Membrane receptors specific for IgD (IgD-R) have been identified on murine CD4+ and human CD4+ and CD8+ T lymphocytes. Up-regulation of these IgD-specific receptors can be achieved by exposure of such T cells to various stimuli, including oligomeric or Ag cross-linked IgD, IL-2, IL-4, and T cell mitogens, such as PHA. Previous studies with murine IgD-R+ splenic T cells and IgD-R+ T hybridoma cells have demonstrated the existence of soluble IgD-binding factors (IgD-BF) that are shed or released into the medium in which these cells are grown. In our study, human peripheral blood T cells and IgD-R+ T hybridoma cells were examined for their ability to produce human IgD-BF. PHA stimulation of peripheral blood T cells results in their release of an IgD-specific factor with an apparent Mr of 70 kDa. IgD- Sepharose-purified IgD-BF was able to competitively inhibit rosetting of IgD-R+ T cells with IgD-coated RBC. Immunoblot assays in which alkaline phosphatase-conjugated human IgD myeloma protein was used as a probe, confirmed the IgD specificity of IgD-BF. An IgD-BF-specific mAb (LTB9) that also reacts with membrane IgD-R was produced after immunization of BALB/c mice with this factor. LTB9 was able to detect IgD-BF in the supernatants derived from human IgD-R+, tetanus toxoid-specific T hybridoma cells, H9-CEM1, and to stain membrane IgD-R by indirect immunofluorescence. Stimulation of H9-CEM1 cells with immobilized IgD resulted in up-regulation of membrane IgD-R expression, as measured cytofluorometrically with LTB9-stained cells, and potentiated release of IgD-BF from these cells. Finally, LTB9 as well as IgD-Sepharose, immunoprecipitated a 70-kDa protein from the lysates of biosynthetically labeled H9-CEM1 cells. Similar immunoprecipitation results were obtained with H9-CEM1-derived supernatants containing IgD-BF. Taken together, these results support the hypothesis that human T cell membrane IgD-R are released as soluble IgD-BF.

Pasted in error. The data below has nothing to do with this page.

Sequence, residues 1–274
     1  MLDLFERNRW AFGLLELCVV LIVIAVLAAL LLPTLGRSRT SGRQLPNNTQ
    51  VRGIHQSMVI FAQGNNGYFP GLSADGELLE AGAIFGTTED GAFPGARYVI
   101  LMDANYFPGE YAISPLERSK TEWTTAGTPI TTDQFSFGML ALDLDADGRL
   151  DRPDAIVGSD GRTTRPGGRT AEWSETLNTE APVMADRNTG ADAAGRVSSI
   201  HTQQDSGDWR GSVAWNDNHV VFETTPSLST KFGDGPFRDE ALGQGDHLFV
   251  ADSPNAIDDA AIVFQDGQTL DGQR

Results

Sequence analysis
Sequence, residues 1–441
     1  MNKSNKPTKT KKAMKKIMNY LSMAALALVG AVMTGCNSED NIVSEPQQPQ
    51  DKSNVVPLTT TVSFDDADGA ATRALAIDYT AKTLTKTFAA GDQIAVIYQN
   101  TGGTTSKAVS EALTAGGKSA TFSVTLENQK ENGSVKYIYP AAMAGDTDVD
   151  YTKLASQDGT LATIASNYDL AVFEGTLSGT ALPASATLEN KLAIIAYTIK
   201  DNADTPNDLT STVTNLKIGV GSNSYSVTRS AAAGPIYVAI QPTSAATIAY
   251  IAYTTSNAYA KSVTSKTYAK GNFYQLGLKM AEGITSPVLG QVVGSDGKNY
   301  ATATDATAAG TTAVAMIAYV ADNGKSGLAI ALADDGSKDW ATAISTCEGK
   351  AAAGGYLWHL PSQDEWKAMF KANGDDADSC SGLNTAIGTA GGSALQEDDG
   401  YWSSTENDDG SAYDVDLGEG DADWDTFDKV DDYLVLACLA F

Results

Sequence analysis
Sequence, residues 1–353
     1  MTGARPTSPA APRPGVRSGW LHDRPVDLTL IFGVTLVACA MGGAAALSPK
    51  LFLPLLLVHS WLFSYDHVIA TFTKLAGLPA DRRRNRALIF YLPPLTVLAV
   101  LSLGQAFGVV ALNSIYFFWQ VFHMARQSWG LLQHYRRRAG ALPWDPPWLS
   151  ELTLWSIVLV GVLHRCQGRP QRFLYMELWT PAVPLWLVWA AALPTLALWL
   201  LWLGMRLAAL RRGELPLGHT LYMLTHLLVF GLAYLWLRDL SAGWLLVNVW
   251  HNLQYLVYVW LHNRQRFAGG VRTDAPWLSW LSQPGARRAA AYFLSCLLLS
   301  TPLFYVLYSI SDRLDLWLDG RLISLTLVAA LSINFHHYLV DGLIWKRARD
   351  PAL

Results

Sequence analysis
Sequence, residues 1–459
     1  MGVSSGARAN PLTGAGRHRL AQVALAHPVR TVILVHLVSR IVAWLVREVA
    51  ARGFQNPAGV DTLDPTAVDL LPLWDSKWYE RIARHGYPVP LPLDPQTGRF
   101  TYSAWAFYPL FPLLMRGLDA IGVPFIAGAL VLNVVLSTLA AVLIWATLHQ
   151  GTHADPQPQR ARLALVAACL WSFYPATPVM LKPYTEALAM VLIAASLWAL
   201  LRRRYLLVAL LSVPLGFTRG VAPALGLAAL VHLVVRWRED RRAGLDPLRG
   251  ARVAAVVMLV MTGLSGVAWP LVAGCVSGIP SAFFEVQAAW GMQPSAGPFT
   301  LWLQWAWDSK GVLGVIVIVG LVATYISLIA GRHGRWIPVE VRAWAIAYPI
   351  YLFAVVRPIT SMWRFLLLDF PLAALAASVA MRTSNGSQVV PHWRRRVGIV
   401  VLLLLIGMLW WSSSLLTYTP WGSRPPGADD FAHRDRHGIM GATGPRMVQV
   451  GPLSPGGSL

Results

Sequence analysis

This content is only available via PDF.
You do not currently have access to this content.